A Minneapolis man, Omer Abdi Mohamed, is scheduled to go on trial next week in federal court on charges that he aided a group of young American Somali men in their travels to Somalia to fight with the al-Qaeda-linked al-Shabaab terrorist organization. Two of the men that Mohamed helped leave the country conducted suicide bombings, the most recent last month which I reported on exclusively here at PJMedia. In fact, over the past few years more than two dozen Somali men from the U.S. are known to have left for the fields of jihad in Somalia.
But just as that trial is about to begin we can report exclusively here at PJMedia that a new batch of al-Shabaab recruits from Minnesota and Ohio have left the country to join the terrorist group.
Confirmation of this new crop of al-Shabaab recruits comes from award-winning Kenyan journalist Fatuma Noor, who met up with the ten new recruits ranging in age from 17 to 24 years old in Nairobi and then Northern Kenya as they were on their way to cross the border into Somalia. Noor just won the CNN MultiChoice African Journalist award for 2011 for her past work interviewing Western al-Shabaab recruits. In her current three-part series in the Nairobi Star, she also recounts her travel with the recruits to the Somali border, and how she was almost killed by al-Shabaab in Somalia for violating Islamic law by traveling without a chaperone with men who were not her relatives (only to be saved by the al-Shabaab recruits).
In her article, Noor identifies some of the American Somalis in the group:
- Nuno Ahmed from Minneapolis, who says that he’s joining al-Shabaab because “young people like me are needed there to protect our country.”
- Abikar Mohamed from Minneapolis, who states that “we are here to protect Islam and we are going to do that at all cost.”
- Abdirahman Gullet from Minneapolis, who took inspiration from his friend Burhan Hassan and Shirwa Ahmed, both of whom died with al-Shabaab (Burhan while fighting with the group, Ahmed in a suicide bombing).
- Adan Hussein from Minneapolis, who acknowledges that he “might die protecting my religion, it’s a price I’m willing to pay.” He also says that their trips were funded by some of their community elders.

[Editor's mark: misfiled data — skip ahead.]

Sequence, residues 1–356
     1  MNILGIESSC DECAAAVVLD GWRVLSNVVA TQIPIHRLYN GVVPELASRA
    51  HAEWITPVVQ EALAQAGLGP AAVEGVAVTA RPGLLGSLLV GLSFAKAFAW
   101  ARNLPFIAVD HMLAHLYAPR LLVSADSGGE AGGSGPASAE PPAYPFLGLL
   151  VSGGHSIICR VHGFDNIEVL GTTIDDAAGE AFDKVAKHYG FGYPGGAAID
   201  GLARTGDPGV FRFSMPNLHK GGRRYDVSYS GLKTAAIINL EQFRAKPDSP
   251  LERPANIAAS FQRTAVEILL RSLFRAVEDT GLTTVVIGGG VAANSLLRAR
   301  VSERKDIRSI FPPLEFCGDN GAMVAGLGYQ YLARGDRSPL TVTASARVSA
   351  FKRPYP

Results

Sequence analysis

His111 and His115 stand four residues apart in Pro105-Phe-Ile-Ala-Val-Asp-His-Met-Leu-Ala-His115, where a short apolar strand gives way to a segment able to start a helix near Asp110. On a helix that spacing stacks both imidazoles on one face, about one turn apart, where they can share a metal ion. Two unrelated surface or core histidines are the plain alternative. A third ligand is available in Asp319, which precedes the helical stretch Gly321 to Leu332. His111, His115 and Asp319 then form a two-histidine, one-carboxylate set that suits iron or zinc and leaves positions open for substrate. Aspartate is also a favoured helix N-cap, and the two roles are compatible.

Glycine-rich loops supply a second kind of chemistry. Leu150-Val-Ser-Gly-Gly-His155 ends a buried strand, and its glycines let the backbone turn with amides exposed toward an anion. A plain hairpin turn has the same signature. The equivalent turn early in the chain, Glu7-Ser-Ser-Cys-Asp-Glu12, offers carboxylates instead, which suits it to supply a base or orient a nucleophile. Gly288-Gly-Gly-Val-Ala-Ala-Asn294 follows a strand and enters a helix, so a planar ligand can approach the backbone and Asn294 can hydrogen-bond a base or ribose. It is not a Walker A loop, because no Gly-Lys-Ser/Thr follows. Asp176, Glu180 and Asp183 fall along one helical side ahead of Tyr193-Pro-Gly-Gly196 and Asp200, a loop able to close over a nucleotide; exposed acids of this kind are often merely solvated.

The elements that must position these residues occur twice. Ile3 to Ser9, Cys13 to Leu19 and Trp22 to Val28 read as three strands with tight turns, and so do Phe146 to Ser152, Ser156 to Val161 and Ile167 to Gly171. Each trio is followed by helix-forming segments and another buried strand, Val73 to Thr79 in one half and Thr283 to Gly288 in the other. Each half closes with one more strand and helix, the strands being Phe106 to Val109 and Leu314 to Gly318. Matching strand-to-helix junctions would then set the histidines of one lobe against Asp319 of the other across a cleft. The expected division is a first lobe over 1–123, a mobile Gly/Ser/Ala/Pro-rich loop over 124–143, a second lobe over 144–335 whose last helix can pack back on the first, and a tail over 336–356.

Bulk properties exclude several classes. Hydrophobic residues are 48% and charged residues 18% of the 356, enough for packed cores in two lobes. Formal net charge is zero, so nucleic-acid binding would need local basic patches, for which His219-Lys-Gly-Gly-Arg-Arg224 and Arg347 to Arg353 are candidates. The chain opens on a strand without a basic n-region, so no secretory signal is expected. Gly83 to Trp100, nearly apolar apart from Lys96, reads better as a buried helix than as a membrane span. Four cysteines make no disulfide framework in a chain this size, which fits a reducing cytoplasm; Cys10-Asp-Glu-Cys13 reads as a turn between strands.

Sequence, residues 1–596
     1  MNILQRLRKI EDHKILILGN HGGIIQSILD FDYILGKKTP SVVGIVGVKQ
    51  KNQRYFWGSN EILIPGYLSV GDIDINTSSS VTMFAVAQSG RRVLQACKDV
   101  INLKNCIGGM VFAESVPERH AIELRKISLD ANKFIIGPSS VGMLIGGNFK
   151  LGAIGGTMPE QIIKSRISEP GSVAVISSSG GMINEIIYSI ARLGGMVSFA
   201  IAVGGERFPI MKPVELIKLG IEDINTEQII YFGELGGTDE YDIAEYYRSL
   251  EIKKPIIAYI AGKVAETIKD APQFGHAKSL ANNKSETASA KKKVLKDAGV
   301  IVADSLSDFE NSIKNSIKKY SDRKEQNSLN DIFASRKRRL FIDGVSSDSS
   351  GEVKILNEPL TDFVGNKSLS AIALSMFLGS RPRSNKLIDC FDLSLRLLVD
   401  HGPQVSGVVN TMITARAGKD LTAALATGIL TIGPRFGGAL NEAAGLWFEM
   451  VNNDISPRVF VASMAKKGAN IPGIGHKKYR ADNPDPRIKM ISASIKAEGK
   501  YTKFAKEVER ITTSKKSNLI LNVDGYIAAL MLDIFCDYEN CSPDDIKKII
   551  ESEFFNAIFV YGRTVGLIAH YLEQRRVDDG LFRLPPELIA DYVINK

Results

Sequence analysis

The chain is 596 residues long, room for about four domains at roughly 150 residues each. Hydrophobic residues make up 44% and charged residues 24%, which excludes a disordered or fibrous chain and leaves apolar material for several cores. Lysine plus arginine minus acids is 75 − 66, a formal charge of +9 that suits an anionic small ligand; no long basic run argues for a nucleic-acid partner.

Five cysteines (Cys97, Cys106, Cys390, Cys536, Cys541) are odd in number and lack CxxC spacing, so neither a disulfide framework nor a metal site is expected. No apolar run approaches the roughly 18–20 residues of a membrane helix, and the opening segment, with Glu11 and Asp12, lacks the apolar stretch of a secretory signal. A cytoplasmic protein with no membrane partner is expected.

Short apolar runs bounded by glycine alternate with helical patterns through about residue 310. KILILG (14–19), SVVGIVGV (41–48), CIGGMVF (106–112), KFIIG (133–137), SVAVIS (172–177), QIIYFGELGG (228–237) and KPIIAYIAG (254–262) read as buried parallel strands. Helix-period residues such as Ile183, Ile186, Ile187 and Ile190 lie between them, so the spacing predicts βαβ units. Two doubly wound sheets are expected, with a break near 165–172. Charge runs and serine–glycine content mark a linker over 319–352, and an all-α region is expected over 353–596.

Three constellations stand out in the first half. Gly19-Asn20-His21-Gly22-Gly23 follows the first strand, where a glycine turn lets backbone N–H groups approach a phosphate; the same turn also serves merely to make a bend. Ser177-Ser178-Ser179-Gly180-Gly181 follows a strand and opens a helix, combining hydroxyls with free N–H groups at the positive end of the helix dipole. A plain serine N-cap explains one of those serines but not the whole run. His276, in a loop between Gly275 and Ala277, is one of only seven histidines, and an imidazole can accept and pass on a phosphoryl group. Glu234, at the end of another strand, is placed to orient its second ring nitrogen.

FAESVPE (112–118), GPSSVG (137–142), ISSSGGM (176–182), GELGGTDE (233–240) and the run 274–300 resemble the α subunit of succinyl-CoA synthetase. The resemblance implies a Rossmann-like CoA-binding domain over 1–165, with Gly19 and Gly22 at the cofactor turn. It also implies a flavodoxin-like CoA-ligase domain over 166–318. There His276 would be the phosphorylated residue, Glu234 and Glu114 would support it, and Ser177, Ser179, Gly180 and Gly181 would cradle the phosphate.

- Abdinassir Osman from Ohio, who graduated from high school and joined a gang and now hopes his service with al-Shabaab will make up for any past wrongs he may have made.
- Ali Mohamud from Ohio, who decided to join up after listening to stories and exhortations from his mosque elders.
They were joined by at least three other Somalis from other countries:
- Omar Hassan from Canada, who claims that al-Shabaab in not a terrorist group but committed Muslims who are dedicated to ensuring Islamic law is observed in all Somalia.
- Khalif Abdi from Sweden, who states that his desire to join al-Shabaab is rooted in his belief that the West is in a conspiracy to get rid of Islam as a religion.
- Mukhtar Abdi from Kenya, who believes it is his responsibility to ensure Islamic law is imposed in every Muslim-majority country.
This week I called several FBI field offices that regularly handle Somali-related terrorism issues. I was told by one official, “This is the first we’re hearing about it.”
Another official said that this news “represents a complete and utter breakdown in our outreach to the Somali community”:
To have even more of these kids leave the country right under our noses without a word from the people we are working with who are supposed to be our eyes and ears means that all of this outreach over the past few years is a total failure. It doesn’t help that those we are working with are the ones recruiting these kids to go fight. … Everyone in the Muslim community and mainstream media who vilified [Rep.] Peter King and the House Homeland Security Committee who tried to look into this problem owe them a major apology.